Hypnosis related research

Obesity I Smoking I IBS I Pain Relief I Stress and Phobias I Surgical I Oncology I Cardiac I Prenatal & Pediatric I Addiction I Fibromyaligia I HIV

As of 12/04 there are more than 5,000 research studies dealing with hypnosis and its benefits currently being conducted worldwide according to the National Center for Biotechnology Information

Researching Organizations

Obesity

Hypnosis Subjects Lost More Weight Than 90% of Others and Kept it Off Reviewed 18 studies comparing a cognitive behavioral therapy such as relaxation training, guided imagery, self-monitoring, or goal setting with the same therapy supplemented by hypnosis. Those who received the hypnosis lost more weight than 90 percent of those not receiving hypnosis and maintained the weight loss two years after treatment ended. J Consult Clin Psychol. 1996;64(3):513-516.

Hypnosis Over 30 Times as Effective for Weight Loss Treatment included group hypnosis with metaphors for ego-strengthening, decision making and motivation, ideomotor exploration in individual hypnosis, and group hypnosis with maintenance suggestions. Hypnosis was more effective than a control group: an average of 17 lbs lost by the hypnosis group vs. an average of lbs lost by the control group  Consulting and Clinical Psychology, 54, 489-492.

Two Years Later: Hypnosis Subjects Continued To Lose Significant Weight 109 people had treatment for weight with or without hypnosis. After 9-weeks both groups lost significant weight. At 8-month and 2-year follow-ups, the hypnosis subjects were found to have continued to lose significant weight, while those in other group showed little further change. Journal of Consulting and Clinical Psychology (1985)

Hypnosis can more than double the effects of traditional weight loss approaches Review of 5 weight loss studies showed that hypnosis can more than double the effects of traditional weight loss approaches. U. Conn, Journal of Consulting and Clinical Psychology in 1996 (Vol. 64, No. 3, pgs 517-519)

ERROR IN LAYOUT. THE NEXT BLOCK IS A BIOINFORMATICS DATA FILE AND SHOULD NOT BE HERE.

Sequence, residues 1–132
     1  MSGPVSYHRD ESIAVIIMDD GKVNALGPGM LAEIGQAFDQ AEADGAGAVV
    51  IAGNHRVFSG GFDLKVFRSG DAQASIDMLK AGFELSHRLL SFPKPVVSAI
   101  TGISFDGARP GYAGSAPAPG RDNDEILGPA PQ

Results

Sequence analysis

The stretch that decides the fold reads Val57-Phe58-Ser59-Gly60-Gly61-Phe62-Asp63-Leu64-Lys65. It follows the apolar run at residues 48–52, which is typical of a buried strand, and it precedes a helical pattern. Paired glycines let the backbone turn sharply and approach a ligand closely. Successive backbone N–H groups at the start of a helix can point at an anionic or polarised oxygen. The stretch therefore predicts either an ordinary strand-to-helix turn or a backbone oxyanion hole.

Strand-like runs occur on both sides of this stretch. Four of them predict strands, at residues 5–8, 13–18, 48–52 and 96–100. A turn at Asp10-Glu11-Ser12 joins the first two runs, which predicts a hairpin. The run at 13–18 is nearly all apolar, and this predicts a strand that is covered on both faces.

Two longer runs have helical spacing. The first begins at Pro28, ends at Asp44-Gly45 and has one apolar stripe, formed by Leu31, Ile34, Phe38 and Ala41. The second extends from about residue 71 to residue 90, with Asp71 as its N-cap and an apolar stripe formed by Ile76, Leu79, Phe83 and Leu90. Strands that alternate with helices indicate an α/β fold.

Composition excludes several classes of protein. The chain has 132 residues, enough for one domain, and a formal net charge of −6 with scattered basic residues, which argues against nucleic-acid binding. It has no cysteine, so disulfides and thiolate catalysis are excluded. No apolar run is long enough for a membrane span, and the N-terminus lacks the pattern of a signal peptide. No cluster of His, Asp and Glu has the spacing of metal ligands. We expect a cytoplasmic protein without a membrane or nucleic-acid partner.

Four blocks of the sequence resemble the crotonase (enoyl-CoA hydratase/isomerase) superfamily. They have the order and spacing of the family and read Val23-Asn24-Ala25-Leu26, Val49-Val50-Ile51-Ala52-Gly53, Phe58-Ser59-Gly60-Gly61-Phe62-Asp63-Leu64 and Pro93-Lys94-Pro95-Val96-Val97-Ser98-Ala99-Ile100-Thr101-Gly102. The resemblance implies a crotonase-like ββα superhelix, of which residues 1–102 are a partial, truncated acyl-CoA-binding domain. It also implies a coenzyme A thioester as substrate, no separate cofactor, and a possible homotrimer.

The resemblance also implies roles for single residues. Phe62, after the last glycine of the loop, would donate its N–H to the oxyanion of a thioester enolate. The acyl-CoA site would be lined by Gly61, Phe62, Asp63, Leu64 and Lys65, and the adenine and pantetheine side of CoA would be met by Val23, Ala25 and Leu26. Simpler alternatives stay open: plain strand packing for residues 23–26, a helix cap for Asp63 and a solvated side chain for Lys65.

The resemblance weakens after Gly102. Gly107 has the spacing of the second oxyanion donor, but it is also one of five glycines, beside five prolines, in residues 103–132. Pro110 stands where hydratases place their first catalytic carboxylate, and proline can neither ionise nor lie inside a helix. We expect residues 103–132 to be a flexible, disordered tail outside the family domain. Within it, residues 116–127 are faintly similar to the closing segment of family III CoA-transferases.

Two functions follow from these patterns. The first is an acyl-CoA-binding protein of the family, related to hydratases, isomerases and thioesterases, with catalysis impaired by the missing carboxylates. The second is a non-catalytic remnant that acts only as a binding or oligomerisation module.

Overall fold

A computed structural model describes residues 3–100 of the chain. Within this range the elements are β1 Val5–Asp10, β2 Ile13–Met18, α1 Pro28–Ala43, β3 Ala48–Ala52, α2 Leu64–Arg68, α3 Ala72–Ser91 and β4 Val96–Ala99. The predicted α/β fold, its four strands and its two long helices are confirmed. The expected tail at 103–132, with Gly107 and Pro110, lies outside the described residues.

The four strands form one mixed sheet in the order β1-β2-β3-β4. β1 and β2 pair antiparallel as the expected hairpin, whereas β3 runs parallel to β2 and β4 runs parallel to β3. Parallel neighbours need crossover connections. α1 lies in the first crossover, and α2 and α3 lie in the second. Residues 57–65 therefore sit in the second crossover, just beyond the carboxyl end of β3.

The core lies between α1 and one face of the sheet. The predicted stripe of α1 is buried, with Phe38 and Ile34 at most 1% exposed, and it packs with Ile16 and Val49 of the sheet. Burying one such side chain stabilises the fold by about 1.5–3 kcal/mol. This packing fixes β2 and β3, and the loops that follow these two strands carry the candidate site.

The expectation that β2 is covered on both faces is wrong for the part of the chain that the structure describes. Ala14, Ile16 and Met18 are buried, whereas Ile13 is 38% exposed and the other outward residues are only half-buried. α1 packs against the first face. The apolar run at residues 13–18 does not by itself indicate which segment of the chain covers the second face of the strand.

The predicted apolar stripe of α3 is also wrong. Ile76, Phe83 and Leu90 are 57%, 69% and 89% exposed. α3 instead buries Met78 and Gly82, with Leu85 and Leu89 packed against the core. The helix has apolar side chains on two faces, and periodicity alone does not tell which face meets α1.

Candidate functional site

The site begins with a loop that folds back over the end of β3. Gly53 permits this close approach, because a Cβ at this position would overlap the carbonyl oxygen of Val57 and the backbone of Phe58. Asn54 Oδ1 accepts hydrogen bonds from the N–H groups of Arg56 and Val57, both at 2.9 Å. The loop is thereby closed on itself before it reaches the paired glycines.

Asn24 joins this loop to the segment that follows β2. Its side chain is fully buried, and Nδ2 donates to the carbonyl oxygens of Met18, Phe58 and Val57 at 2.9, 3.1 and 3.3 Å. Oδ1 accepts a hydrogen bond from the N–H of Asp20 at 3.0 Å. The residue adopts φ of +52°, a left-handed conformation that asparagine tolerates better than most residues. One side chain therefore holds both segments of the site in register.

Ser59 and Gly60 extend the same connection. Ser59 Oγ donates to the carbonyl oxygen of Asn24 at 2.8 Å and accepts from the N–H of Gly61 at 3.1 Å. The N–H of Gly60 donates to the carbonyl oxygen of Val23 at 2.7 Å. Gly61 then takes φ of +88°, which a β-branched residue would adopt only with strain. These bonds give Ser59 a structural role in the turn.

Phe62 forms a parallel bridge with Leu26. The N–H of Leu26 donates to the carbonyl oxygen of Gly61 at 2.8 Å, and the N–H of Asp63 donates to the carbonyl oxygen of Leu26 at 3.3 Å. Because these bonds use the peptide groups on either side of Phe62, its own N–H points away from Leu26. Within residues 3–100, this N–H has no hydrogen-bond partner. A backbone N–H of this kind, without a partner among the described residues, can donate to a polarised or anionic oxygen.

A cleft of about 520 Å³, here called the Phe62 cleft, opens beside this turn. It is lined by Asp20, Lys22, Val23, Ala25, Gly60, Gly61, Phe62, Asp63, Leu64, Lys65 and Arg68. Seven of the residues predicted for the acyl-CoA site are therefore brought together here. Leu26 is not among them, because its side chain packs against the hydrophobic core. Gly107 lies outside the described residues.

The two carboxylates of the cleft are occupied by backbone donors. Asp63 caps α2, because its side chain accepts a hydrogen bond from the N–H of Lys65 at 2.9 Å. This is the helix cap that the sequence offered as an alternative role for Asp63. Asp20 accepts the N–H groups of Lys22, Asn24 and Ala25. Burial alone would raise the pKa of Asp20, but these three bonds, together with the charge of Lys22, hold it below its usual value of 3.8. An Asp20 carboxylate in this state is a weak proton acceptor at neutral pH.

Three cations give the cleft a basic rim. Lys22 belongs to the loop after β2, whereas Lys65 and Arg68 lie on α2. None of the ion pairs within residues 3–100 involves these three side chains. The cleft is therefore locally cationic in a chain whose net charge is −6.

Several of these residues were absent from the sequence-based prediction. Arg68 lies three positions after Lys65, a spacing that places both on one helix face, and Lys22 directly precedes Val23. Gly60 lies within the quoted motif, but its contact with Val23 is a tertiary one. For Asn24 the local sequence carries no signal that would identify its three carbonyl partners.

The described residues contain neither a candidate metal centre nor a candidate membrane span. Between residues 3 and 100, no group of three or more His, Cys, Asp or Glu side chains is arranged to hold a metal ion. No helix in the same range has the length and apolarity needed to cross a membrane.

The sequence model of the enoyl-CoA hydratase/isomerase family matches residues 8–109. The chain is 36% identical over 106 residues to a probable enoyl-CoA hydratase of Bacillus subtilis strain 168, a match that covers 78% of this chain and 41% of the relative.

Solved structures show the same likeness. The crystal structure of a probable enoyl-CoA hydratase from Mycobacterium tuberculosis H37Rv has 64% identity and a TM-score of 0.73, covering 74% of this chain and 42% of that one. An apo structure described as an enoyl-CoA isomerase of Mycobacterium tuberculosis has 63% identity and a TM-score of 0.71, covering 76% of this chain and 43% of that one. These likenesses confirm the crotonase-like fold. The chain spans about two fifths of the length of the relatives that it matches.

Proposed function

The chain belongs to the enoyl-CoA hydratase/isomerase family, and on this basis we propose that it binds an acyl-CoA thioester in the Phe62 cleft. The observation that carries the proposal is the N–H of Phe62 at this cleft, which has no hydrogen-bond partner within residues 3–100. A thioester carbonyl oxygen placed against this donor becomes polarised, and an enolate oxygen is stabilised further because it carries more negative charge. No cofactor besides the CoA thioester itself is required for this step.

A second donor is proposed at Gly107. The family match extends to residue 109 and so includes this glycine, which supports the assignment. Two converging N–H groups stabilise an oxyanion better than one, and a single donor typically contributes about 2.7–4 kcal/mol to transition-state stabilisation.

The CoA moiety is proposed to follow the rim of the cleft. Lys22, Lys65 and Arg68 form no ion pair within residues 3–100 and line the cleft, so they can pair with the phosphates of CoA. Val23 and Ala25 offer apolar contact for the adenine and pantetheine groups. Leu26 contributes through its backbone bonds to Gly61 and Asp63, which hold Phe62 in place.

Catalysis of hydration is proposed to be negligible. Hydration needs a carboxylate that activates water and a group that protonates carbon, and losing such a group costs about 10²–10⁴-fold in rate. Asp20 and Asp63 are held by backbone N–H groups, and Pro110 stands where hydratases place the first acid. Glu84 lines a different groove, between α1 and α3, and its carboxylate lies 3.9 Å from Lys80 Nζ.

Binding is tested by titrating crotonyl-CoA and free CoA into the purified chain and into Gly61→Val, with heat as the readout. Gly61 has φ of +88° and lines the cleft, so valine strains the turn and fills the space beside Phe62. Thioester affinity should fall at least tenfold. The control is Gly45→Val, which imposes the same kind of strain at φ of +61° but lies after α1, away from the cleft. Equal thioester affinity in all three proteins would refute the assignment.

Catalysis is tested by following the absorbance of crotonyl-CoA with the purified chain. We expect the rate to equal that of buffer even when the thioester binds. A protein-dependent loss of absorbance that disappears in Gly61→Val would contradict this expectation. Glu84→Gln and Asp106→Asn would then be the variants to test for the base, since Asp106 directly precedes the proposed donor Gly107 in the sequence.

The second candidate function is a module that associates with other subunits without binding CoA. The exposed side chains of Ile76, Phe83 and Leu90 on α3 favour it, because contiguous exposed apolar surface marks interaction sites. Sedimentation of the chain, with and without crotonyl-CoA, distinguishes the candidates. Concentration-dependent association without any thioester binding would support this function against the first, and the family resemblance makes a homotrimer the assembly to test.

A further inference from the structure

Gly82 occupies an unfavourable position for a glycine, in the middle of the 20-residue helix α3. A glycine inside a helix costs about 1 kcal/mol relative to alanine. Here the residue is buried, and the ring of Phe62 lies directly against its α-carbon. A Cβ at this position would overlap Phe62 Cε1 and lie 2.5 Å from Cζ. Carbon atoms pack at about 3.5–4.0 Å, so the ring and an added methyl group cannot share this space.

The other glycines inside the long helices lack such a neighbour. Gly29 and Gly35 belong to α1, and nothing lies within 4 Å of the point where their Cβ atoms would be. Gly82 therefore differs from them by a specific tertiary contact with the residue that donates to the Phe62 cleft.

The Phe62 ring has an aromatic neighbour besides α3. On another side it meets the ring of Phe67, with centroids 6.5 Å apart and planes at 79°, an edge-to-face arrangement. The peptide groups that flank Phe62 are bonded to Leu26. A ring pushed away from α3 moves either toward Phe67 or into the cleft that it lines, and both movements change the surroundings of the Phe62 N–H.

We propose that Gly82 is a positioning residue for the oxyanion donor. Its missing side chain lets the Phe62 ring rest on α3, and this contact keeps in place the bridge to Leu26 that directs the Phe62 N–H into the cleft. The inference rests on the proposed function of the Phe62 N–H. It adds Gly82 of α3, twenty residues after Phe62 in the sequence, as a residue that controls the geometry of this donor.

Hypnotic enhancement for weight loss treatments Hypnosis versus no hypnosis the average short-term weight loss was 6 lbs for those not using hypnosis and 11.83 lbs with hypnosis. Over long term the average loss without hypnosis remained at 6 lbs, with hypnosis jumped to 14.88 lbs. What is impressive about these results is that doing hypnosis under controlled conditions is extremely difficult, and to have the research indicate that people are losing anywhere from about 2 to on average 16 1/2 times more weight under hypnosis than when they do not use it, clearly indicates that hypnosis should be used by anyone who is serious about weight loss and that benefits of hypnosis increased substantially over time. Kirsch, Irving (1996) Journal of Consulting and Clinical Psychology, 64 (3), 517-519

Hypnotherapy in weight loss treatment 60 females at least 20% overweight and not involved in other treatment. Participants interviewed about family background, educational, and their belief as to their hypnotizability. The group was split into hypnosis and non-hypnosis groups with both groups being given weight-loss behavioral treatments and counseling. Results: hypnosis group lost an average of 17 lbs at the 6-month follow up. Non hypnosis group only lost 1/2 pound. They also found that “hypnotizability” and social and educational backgrounds had nothing to do with the results. Cochrane, Gordon (1986) Journal of Consulting and Clinical Psychology, 54, 489-492

 Effectiveness of hypnosis for weight management 109 people in 2 groups for a 9-week study. 1st group treated diet and exercise habits with no hypnosis. The 2nd group had same diet and exercise and received hypnosis. After 9 weeks, not surprisingly, both groups lost weight. After 8-month and 2-years: 1st most gained most of their weight back. The 2nd group continued to lose weight during both intervals, and the studies showed that far more people in the hypnosis group met their long-term weight-loss goals. The hypnosis group continued the eating and exercise habits while the non-hypnosis group did not. There is no magic pill for weight loss. It is clear that hypnosis supports diet and exercise adherence. Bolocofsky, David N. (1985) Journal of Clinical Psychology, 41 (1), 35-41

Smoking

90.6% Success Rate Using Hypnosis Of 43 consecutive patients undergoing this treatment protocol, 39 reported remaining abstinent at follow-up (6 months to 3 years post-treatment). This represents a 90.6% success rate using hypnosis. Int J Clin Exp Hypn. 2001 Jul;49(3):257-66. Barber J.

95% Success Rate Using Hypnosis with NLP A comparison of hypnosis to quit smoking and hypnosis combined with NLP reported a 95% success rate using hypnosis combined with NLP and 51% using hypnosis alone. Smoke Free International http://www.smokefreeinternational.com/report.php